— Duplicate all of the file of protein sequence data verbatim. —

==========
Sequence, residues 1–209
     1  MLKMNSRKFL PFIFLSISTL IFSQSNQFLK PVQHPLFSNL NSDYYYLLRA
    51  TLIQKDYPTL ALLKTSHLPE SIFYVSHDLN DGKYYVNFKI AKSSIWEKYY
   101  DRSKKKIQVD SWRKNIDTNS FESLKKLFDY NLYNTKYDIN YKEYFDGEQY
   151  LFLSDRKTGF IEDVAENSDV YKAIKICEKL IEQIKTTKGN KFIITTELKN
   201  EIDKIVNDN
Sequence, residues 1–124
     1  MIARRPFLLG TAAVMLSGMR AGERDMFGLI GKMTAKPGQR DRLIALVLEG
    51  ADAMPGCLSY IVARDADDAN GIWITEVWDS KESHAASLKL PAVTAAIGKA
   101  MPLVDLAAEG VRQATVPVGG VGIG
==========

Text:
Sequence, residues 1–209
     1  MLKMNSRKFL PFIFLSISTL IFSQSNQFLK PVQHPLFSNL NSDYYYLLRA
    51  TLIQKDYPTL ALLKTSHLPE SIFYVSHDLN DGKYYVNFKI AKSSIWEKYY
   101  DRSKKKIQVD SWRKNIDTNS FESLKKLFDY NLYNTKYDIN YKEYFDGEQY
   151  LFLSDRKTGF IEDVAENSDV YKAIKICEKL IEQIKTTKGN KFIITTELKN
   201  EIDKIVNDN
Sequence, residues 1–124
     1  MIARRPFLLG TAAVMLSGMR AGERDMFGLI GKMTAKPGQR DRLIALVLEG
    51  ADAMPGCLSY IVARDADDAN GIWITEVWDS KESHAASLKL PAVTAAIGKA
   101  MPLVDLAAEG VRQATVPVGG VGIG